Major works

Two important works are associated with his administration, the non-clerical organization of public education, and the beginning of the colonial expansion of France. Following the republican programme he proposed to destroy the influence of the clergy in the university and found his own system of republican schooling. He reorganized the committee of public education (law of 27 February 1880), and proposed a regulation for the conferring of university degrees, which, though rejected, aroused violent polemics because the 7th article took away from the unauthorized religious orders the right to teach. He finally succeeded in passing his eponymous laws of 16 June 1881 and 28 March 1882, which made primary education in France free, non-clerical (laïque) and mandatory. In higher education, the number of professors, called the "hussards noirs de la République" "("Republic's black hussars")" because of their Republican support, doubled under his ministry Fact|date=August 2007.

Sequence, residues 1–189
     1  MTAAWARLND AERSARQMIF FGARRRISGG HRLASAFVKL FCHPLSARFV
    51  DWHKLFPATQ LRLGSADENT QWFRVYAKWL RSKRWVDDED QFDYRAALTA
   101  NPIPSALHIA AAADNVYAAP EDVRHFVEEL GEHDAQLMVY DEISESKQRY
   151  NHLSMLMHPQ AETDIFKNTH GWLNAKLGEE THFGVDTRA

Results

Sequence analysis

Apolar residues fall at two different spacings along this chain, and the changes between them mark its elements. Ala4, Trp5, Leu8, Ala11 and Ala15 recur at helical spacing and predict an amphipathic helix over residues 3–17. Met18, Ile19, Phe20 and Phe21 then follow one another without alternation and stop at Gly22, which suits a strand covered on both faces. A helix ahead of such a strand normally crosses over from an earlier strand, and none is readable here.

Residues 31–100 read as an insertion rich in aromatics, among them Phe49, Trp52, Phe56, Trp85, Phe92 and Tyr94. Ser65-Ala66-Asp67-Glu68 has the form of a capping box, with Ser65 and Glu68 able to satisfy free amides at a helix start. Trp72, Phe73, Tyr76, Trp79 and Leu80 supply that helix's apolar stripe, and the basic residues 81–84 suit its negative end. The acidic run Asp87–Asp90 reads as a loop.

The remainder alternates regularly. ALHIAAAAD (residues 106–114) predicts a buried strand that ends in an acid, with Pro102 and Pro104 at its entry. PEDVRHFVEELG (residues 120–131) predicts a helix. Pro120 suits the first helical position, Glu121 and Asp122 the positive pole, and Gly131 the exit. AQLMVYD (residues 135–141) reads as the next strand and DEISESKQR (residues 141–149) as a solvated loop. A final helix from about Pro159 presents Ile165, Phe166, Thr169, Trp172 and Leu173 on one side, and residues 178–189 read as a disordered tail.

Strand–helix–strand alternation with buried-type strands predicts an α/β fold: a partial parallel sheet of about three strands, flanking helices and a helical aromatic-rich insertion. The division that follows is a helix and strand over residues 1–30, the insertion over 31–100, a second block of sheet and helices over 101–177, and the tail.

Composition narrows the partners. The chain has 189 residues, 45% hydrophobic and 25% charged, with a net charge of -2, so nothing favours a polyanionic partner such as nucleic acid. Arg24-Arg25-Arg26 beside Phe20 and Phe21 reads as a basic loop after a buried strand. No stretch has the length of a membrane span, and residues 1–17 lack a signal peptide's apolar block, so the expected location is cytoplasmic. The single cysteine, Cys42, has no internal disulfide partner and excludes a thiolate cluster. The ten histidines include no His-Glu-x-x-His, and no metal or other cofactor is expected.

The education policies establishing French language as the language of the Republic have been contested in the second half of the 20th century insofar as, if they played an important role in unifying the French nation-state and the Third Republic, they also nearly provoked the extinction of several regional languages [ [http://www.chez.com/buan1/poignant.htm 1998 report] from Bernard Poignant, mayor of Quimper, to Lionel Jospin fr icon] .